Hay fever is an allergic condition triggered by the immune system’s response to inhalant substances (frequently pollens).
Researchers have yet to clearly understand why some people’s immune systems over-react to exposure to pollens while other people do not suffer from this problem. Symptoms of hay fever are partly a result of inflammation that, in turn, is activated by the immune system
What are the symptoms of hay fever?
Inhaled allergens trigger sneezing and inflammation of the nose and mucous membranes (conjunctiva) of the eyes. The nose, roof of the mouth, eyes, and throat begin to itch gradually or abruptly after the onset of the pollen season. Tearing, sneezing, and clear, watery nasal discharge soon follow the itching. Headaches and irritability may also occur.
Medical treatments for hay fever
Over the counter topical nasal decongestants such as oxymetazoline (Afrin®) and phenylephrine (NeoSynephrine®) may provide relief from nasal congestion, but they should only be used for a few days. The oral decongestant pseudoephedrine (Sudafed®) may help relieve nasal congestion, while antihistamines such as diphenhydramine (Benadryl®), brompheniramine (Dimetapp®), chlorpheniramine (Chlor-Trimeton®), and loratadine (Claritin®) might help dry excess mucous and reduce sneezing. Cromolyn sodium (Nasalcrom®) is used as a nose spray to prevent hayfever symptoms.
Prescription antihistamines are often prescribed for relief of hay fever symptoms. These include cetirizine (Zyrtec®), desloratadine (Clarinex®), and fexofenadine (Allegra®). Inhaled corticosteroids, such as flunisolide (Nasalide®), triamcinolone (Nasacort®), fluticasone (Flonase®), and mometasone (Nasonex®) may also be suggested to prevent and treat nasal symptoms.
Dietary changes that may be helpful for hay fever
People with inhalant allergies are likely to also have food allergies.1 2 A hypoallergenic diet has been reported to help some people with asthma and allergic rhinitis,3 but the effect of such a diet on hay fever symptoms has not been studied. Hay fever sufferers interested in exploring the possible effects of a food allergy avoidance program should talk with a doctor. Discovering and eliminating offending food allergens, should they exist, is likely to improve overall health even if such an approach has no effect on hay fever symptoms.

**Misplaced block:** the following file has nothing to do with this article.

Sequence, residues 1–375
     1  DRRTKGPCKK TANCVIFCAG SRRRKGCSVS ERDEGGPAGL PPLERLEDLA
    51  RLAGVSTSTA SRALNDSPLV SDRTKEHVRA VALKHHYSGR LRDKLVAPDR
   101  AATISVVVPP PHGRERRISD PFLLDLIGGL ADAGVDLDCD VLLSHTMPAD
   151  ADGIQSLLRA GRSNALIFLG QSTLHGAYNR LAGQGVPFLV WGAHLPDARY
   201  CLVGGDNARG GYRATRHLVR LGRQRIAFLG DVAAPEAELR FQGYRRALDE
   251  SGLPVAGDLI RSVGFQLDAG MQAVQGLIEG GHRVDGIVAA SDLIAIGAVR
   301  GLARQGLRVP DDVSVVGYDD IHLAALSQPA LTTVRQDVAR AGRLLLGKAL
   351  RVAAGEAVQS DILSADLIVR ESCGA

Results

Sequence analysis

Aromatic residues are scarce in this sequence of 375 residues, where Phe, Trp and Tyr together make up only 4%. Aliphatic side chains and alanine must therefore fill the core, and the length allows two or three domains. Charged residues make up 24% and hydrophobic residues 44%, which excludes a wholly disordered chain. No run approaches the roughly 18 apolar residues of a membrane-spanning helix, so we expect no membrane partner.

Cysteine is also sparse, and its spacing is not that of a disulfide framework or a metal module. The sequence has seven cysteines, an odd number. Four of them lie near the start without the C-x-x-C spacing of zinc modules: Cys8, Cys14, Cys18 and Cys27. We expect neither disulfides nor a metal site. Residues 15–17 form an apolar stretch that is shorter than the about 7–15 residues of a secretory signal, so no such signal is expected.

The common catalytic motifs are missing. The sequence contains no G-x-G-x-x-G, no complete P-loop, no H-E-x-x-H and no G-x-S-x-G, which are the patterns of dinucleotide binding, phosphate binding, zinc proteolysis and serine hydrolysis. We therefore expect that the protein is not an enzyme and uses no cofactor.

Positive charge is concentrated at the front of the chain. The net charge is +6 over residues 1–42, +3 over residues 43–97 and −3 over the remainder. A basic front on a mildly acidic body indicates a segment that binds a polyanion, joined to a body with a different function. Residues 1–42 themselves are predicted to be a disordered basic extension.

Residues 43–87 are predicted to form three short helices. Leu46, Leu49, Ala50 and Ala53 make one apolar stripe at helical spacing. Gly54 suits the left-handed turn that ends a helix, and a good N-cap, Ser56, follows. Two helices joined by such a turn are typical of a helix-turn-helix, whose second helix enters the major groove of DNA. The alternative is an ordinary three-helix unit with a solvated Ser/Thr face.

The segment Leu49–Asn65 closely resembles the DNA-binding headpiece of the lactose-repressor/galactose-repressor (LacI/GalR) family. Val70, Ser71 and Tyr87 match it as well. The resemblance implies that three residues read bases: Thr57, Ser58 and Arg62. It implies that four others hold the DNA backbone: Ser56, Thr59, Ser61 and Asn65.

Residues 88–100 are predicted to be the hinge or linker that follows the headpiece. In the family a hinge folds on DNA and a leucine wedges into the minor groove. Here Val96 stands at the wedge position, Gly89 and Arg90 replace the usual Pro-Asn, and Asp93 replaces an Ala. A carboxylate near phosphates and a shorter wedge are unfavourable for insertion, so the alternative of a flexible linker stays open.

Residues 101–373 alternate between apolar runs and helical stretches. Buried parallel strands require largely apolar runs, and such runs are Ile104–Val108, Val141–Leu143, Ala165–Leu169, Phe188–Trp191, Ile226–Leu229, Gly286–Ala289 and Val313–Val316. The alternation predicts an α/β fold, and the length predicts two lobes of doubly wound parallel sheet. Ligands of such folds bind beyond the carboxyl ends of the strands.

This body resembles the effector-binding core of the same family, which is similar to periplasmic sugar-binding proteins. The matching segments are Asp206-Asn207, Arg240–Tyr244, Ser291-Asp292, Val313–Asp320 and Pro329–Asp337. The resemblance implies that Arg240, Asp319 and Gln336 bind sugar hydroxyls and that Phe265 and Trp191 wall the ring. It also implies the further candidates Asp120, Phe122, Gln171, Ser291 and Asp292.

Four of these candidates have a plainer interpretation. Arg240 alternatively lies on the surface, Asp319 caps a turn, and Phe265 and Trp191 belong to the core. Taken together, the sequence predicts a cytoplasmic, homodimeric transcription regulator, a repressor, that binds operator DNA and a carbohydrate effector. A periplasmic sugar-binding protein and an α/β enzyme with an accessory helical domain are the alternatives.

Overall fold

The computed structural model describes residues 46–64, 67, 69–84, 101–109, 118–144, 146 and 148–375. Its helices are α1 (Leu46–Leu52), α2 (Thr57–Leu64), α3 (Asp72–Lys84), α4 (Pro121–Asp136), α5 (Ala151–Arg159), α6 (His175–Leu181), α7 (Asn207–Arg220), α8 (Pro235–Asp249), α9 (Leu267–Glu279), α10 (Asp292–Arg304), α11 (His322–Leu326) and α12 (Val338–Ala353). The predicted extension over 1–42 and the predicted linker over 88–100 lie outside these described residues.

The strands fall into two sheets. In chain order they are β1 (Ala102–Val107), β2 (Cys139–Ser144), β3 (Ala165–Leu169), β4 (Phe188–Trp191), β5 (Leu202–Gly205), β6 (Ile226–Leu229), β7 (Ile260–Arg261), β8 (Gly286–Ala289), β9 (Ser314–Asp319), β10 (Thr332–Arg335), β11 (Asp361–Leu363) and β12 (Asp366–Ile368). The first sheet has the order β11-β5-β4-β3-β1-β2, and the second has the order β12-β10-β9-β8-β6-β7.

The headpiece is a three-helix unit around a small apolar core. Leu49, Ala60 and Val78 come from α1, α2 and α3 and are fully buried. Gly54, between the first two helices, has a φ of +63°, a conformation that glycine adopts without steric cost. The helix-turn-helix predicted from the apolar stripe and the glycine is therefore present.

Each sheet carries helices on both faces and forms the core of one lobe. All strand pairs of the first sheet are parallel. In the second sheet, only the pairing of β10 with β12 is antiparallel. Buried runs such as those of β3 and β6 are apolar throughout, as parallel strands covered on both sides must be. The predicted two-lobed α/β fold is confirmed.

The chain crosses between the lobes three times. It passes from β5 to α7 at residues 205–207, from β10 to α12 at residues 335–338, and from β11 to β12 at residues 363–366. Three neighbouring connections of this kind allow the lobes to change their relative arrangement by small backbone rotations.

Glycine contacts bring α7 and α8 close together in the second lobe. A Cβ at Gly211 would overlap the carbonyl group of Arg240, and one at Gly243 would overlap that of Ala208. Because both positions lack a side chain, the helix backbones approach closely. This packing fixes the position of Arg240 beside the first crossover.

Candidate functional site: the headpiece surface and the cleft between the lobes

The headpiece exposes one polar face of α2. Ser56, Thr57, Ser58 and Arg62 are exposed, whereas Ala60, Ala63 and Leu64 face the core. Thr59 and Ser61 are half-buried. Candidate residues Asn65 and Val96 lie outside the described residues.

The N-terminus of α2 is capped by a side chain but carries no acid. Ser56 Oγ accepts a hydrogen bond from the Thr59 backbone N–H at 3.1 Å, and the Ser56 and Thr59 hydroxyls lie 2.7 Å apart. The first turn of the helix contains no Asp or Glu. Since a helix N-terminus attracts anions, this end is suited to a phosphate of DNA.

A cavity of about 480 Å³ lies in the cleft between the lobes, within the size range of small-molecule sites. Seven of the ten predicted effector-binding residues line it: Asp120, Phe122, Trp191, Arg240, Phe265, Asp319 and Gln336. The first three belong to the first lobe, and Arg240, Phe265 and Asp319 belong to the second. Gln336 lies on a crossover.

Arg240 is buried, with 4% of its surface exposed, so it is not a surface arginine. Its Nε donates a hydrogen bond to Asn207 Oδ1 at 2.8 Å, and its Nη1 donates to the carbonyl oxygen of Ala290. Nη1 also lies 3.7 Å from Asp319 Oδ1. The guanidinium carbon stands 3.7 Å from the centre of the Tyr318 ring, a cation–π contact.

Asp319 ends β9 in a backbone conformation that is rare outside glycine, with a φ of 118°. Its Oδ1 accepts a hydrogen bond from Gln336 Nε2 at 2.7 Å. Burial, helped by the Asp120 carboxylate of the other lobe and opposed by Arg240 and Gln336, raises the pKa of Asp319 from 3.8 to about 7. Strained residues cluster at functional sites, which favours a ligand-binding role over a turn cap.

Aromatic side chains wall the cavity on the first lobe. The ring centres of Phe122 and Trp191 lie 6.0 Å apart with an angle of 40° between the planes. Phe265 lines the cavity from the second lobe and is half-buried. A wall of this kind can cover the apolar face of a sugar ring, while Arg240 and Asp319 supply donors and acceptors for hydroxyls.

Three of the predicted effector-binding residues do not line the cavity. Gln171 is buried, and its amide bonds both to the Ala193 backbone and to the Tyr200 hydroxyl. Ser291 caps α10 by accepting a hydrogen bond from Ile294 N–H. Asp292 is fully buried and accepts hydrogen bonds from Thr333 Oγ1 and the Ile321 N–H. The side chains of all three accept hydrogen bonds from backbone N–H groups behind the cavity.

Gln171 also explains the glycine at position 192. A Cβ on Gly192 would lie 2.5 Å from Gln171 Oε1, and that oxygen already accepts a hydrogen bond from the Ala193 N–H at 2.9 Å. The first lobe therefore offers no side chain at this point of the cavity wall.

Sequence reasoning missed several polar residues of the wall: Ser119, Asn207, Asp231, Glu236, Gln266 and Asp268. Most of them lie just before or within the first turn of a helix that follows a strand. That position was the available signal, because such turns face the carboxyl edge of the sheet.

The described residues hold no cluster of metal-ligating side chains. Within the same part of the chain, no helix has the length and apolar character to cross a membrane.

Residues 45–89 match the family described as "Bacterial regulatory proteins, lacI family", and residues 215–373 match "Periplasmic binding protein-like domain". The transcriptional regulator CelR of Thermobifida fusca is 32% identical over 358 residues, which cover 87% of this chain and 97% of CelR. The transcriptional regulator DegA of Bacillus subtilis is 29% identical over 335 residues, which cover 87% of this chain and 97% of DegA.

Nutritional supplements that may be helpful for hay fever
Although vitamin C has antihistamine activity, and supplementation, in preliminary research,4 5 has been reported to help people with hay fever, 2,000 mg of vitamin C per day did not reduce hay fever symptoms in a placebo controlled trial.6 Thus, while some doctors recommend that hay fever sufferers take 1,000–3,000 mg of vitamin C per day, supportive evidence remains weak.
Quercetin is an increasingly popular treatment for hay fever even though only limited preliminary clinical research has suggested that it is beneficial to hay fever sufferers.7
The oral administration of a thymus extract known as Thymomodulin® has been shown in preliminary studies and double-blind trials to improve the symptoms of hay fever and allergic rhinitis.8 9 10 Presumably this clinical improvement is the result of restoration of proper control over immune function.
Are there any side effects or interactions with hay fever?Refer to the individual supplement for information about any side effects or interactions.
Herbs that may be helpful for hay fever
Tylophora is an herb used by Ayurvedic doctors in India to treat people with allergies. It contains compounds that have been reported to interfere with the action of mast cells, which are key components in the process of inflammation responsible for most hay fever symptoms.11 Mast cells are found in airways of the lungs (among other parts of the body). When mast cells are activated by pollen or other allergens, they release the chemical histamine, which in turn leads to a wide number of symptoms familiar to hay fever sufferers—itchy eyes, runny nose, and chest tightness. Ayurvedic doctors sometimes recommend 200–400 mg of the dried herb daily or 1–2 ml of the tincture per day for up to two weeks.
In an isolated double-blind trial, nettle leaf led to a slight reduction in symptoms of hay fever—including sneezing and itchy eyes.12 However, no other research has investigated this relationship. Despite the lack of adequate scientific support, some doctors suggest taking 450 mg of nettle leaf capsules or tablets two to three times per day, or a 2–4 ml tincture three times per day for people suffering from hay fever.
The Japanese herbal formula known as sho-seiryu-to has been shown to reduce symptom, such as sneezing, for people with hay fever.13 Sho-seiryu-to contains licorice, cassia bark, schisandra, ma huang (ephedra), ginger, peony root, pinellia, and asiasarum root.
Are there any side effects or interactions with hay fever?Refer to the individual herb for information about any side effects or interactions.